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9th International Rainwater Catchment Systems Conference
"Rainwater Catchment: An Answer to the Water Scarcity of the Next Millennium."
Petrolina, Brazil - July 1999

Section 3: Rainwater Catchment and Droughts

Paper 3.7

Rainfall Harvesting for Indigenous Health in Australia

Carol Conway, Charles Nicholson, Gabriele Bammer, Alan Wade & Graham Henderson
Australian Institute of Aboriginal
E-mail: carol@elc.aiatsis.gov.au

Abstract

Australia is a dry country, particularly in the inland areas. The poor quantity and quality of water available to many Indigenous Australians living in rural and remote locations contributes to their poor health status relative to other Australians. Rainfall harvesting from the roofs of houses and buildings in Indigenous communities can provide a valuable source of potable water, but this harvesting is often inefficient. We report a study of two remote and diverse locations in areas where Indigenous Australians have water supply problems. The first is Giles in central Australia (25.040S, 128.290E) with a median annual rainfall of 119mm, and the second is Thursday Island in the Torres Strait (10.350S, 142.220E) with a median annual rainfall of 1718mm. We describe a means of correlating rainfall records with collecting roof areas, water storage capacity, house occupancy rates, and water consumption rates using a computer program. We determine the optimum match between these factors and the total collectable rainfall for the best, worst, and median years based on historical rainfall records for each location. This quantitative approach to rainfall harvesting could significantly improve the security of potable water supplies for many Indigenous communities in Australia, and thus contribute towards an improvement in Indigenous health.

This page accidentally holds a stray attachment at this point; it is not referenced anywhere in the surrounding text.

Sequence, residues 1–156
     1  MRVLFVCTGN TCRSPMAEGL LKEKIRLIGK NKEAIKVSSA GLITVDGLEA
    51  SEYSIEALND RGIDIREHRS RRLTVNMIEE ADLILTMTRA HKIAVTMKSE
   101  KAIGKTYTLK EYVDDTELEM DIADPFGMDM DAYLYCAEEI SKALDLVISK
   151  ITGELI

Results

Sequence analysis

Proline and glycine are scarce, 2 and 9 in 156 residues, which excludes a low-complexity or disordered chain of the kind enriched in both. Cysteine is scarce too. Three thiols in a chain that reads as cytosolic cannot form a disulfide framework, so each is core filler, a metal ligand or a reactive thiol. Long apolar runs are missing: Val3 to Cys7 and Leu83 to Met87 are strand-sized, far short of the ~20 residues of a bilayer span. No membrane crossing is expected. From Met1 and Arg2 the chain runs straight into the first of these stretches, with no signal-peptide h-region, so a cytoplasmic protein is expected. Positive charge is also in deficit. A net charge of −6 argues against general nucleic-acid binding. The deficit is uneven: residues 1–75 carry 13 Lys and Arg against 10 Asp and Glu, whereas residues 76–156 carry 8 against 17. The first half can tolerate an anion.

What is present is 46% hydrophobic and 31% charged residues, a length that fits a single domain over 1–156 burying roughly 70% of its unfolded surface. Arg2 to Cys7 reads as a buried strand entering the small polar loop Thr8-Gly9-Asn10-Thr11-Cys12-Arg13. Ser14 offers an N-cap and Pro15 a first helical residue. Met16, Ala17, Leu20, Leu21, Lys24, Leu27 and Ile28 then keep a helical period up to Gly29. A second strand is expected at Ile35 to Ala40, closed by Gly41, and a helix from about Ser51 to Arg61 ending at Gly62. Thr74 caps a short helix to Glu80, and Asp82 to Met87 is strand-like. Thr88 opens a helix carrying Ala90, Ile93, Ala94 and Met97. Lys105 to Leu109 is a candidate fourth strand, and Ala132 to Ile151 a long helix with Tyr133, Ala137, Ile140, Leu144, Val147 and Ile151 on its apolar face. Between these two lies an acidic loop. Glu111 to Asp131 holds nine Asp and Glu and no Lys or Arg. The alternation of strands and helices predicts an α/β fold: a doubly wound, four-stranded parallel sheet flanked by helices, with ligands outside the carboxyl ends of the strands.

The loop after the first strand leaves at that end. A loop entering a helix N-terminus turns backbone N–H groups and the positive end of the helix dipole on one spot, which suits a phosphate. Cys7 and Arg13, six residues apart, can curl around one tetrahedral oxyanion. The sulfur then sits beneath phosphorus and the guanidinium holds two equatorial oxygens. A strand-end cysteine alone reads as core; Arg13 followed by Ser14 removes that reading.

PDF of full document (8pp, 66kb)


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